The gladiolus blooms were the softest colours imaginable. Pinks and peaches. The brightness of the sunflowers provided a contrast that made Alma pause her breath and she stood a moment to admire the bouquet. Candice really had a knack for arranging. Alma only hoped she could match it. 

As she started carefully moving the buckets of fresh cut flowers into the small cooler, Candice came in through the back door.

"Oh wow, Joe has been here already?" She asked, bending down to sniff the sprays of lavender. "Mmmm. Best part of the day."

"Yea," Alma said, as both an answer and an agreement. "He mentioned something about chicks arriving today? Had to get back to the farm." 

Candice nodded. "Life of a farmer," she said. "I told him once that if he ever needed a break, he could come work here with me. Told him, 'it can be pretty dead sometimes.'” She smirked. “Didn't quite get the reaction I was looking for."

Alma laughed at the bad joke, genuinely. She could imagine the horror on Joe's face at the thought of having to enter the building beyond the flower shop at the front. 

"Anyway,” Candice said. “I have some paperwork to catch up on. Once you're done with the delivery orders, we can go over some of the stuff in the back. There aren’t any planning appointments booked for today so we can just ease you into things. Sound good?" Alma nodded. 

She spent the morning trying to remember what she'd learned at the Basics of Flower Arranging class she'd taken, at her mother’s insistence, at the satellite college campus in town last winter. Alma knew her mother was a bit appalled that what she'd thought of as a fun mother-daughter outing had turned into her daughter’s part-time employment at the local funeral home.

"It sounds terribly depressing," she’d said. "Why would you want to spend your time surrounded by death?"

"Death’s a part of life," Alma had countered. "Besides, I'll be spending most of my time in the flower shop. And what's depressing about flowers?"

The truth was, Alma was drawn to the place. When she'd seen the help wanted sign in the window, she hadn’t hesitated. She'd gone in straight away, dragging her 5-year-old son in behind her. After speaking with both Candice and her father, whose retirement was the reason for the help wanted sign, she’d felt even more of a pull.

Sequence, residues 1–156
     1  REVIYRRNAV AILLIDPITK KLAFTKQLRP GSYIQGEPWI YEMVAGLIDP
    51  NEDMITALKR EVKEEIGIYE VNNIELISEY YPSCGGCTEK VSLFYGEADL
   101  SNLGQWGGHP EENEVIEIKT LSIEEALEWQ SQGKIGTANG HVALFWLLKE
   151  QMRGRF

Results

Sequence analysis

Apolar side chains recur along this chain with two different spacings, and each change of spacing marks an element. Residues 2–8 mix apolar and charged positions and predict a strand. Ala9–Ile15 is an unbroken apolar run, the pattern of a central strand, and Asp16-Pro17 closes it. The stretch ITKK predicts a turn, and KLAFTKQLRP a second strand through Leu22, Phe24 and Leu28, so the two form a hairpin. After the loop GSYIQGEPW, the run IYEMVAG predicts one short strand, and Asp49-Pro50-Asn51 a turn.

“It’s no way to meet new friends,” her mother had said. And then in a quieter voice, “Or a new husband.” Alma rolled her eyes.

"I need something to do while Cole is in school all day." 


It was during her second week of work that Alma experienced her first ghost. Or so she would come to think of it. At least temporarily. Until she learned their names.

She was working in the flower shop, arranging the few bouquets that were to go out for delivery that morning, when she heard the faint ding of a bell. 

"Hello?" Alma called out, walking to the back of the shop and through the door that opened to the funeral home entryway.

A woman in a long linen dress stood in the middle of the circular foyer. Her arms were bare despite the breezy fall weather, and her eyes were a bit wide and unsure.

“Were you looking for the flower shop?" Alma asked. "It's just the next door over." She motioned toward the front door, but then noticed that the deadbolt was still set in place. Candice would sometimes forget to unlock it if she wasn't expecting anyone. The small town funeral home didn’t get many unexpected customers.

"I was told to meet someone here?" The woman said it like a question that Alma would know the answer to. Her voice was soft and hopeful.

"A family member?" Alma asked, trying to solve this new mystery while continuing to wonder about the mystery of the still locked front door. 

"I don't know who..." the woman trailed off. She looked as though she were going to cry, redirecting Alma into consolation mode. She gestured toward the box of tissues that sat on the round table in the middle of the room.